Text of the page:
Diabetic Evaluations

All people with diabetes--both type 1 and type 2--are at risk of developing Diabetic Retinopathy. Retinopathy is the medical term for damage to the tiny blood vessels (capillaries) that nourish the retina, which is the tissue at the back of your eye that captures light and relays information to your brain. These blood vessels are often affected by the high blood sugar levels associated with diabetes.

Symptoms of diabetic retinopathy include:

  • Spots floating in your vision
  • Blurred vision
  • Dark streaks or a red film that blocks your vision
  • Poor night vision
  • Vision loss

It is recommended that everyone with diabetes get a comprehensive dilated eye exam at least once a year. Between 40 to 45 percent of Americans diagnosed with diabetes have some stage of diabetic retinopathy. Diabetic Retinopathy is the leading cause of blindness in working-age people in the United States. Working with your primary care physician to maintain normal blood sugar levels and controlling your diabetes minimizes the risk of complications from your condition.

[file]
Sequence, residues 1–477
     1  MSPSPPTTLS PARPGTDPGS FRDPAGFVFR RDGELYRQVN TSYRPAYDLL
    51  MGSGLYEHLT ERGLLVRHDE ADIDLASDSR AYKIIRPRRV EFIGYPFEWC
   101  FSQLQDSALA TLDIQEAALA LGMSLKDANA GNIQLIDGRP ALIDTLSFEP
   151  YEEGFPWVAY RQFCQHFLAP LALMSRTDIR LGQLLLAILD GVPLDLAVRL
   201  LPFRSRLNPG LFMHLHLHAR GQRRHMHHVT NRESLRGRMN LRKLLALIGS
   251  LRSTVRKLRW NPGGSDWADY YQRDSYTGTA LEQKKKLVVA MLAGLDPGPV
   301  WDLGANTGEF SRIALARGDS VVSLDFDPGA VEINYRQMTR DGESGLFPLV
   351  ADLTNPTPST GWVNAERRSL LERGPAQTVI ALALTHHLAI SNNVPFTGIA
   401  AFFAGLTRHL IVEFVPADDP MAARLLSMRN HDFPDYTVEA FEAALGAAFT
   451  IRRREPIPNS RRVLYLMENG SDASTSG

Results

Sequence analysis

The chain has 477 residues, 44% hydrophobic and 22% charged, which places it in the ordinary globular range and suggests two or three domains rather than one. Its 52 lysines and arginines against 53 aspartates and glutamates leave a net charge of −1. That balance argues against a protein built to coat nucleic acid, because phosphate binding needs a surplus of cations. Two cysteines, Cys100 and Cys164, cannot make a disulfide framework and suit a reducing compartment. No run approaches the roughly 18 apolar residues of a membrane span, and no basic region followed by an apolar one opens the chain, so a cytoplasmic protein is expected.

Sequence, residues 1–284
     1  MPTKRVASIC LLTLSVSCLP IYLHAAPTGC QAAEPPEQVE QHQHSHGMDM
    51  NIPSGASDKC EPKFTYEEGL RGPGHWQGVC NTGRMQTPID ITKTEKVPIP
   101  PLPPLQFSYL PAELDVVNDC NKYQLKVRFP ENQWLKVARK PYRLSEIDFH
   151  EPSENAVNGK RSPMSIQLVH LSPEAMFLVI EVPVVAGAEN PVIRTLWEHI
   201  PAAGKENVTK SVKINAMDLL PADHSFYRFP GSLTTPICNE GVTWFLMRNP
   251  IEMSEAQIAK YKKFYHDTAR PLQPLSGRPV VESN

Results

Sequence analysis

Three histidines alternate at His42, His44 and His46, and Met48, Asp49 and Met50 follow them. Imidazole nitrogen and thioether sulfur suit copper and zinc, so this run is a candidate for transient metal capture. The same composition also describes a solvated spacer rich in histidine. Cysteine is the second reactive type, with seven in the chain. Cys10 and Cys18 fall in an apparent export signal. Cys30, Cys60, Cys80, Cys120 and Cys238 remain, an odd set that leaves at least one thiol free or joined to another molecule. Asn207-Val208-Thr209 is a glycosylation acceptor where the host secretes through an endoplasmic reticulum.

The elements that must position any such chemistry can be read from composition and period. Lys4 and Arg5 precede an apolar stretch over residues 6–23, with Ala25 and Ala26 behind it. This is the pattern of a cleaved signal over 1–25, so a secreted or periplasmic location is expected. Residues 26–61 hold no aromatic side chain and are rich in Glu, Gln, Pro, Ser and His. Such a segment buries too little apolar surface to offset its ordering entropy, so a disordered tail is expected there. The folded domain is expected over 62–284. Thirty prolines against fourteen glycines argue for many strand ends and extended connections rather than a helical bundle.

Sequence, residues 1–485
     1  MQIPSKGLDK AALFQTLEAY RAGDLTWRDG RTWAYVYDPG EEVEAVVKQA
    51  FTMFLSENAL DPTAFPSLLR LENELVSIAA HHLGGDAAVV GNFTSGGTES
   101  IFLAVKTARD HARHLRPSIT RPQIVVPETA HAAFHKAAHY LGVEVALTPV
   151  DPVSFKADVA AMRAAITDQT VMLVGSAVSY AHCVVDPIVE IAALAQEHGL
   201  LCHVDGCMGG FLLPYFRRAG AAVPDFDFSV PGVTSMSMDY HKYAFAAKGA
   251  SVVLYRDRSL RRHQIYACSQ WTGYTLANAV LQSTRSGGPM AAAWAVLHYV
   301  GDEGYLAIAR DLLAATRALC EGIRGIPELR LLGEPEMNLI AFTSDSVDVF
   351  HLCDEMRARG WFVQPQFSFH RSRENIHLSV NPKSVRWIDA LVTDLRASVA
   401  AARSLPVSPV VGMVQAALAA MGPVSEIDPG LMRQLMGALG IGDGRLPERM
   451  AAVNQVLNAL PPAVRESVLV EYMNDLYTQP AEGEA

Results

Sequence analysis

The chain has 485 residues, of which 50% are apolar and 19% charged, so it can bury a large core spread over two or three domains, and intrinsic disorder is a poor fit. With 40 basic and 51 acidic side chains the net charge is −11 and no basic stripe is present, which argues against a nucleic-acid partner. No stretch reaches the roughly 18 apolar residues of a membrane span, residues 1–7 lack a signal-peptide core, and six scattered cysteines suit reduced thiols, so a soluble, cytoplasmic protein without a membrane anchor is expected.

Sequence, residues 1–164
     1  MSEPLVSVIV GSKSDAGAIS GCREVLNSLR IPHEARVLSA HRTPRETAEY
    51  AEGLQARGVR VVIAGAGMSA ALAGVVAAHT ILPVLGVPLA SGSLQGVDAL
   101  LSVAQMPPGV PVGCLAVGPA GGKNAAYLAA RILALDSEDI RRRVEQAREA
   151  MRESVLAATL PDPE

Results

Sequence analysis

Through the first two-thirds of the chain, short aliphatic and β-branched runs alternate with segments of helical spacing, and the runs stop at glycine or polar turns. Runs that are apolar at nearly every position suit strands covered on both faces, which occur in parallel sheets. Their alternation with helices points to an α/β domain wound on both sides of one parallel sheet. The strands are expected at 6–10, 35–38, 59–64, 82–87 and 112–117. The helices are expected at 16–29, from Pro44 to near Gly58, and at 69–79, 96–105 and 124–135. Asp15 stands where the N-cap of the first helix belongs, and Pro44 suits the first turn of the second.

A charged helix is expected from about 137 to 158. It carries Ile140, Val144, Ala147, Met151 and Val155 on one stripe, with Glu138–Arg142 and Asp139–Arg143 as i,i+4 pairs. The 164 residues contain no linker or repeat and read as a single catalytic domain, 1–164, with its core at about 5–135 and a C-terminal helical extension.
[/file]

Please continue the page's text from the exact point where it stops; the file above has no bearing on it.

Treatment for Diabetic Retinopathy

The most effective way to prevent complications from diabetes is to control all of the risk factors associated with diabetes, such as obesity, hypertension, and elevated blood sugar levels. Since early detection of diabetic retinopathy can help to prevent blindness, yearly routine evaluations are recommended. If Dr. Militello finds on examination that you have developed changes in your retina due to diabetes, he will discuss your options depending on the progression of the changes. If treatment is needed, he can refer you to a qualified Retina Specialist for either laser or microsurgery to help prevent further vision loss.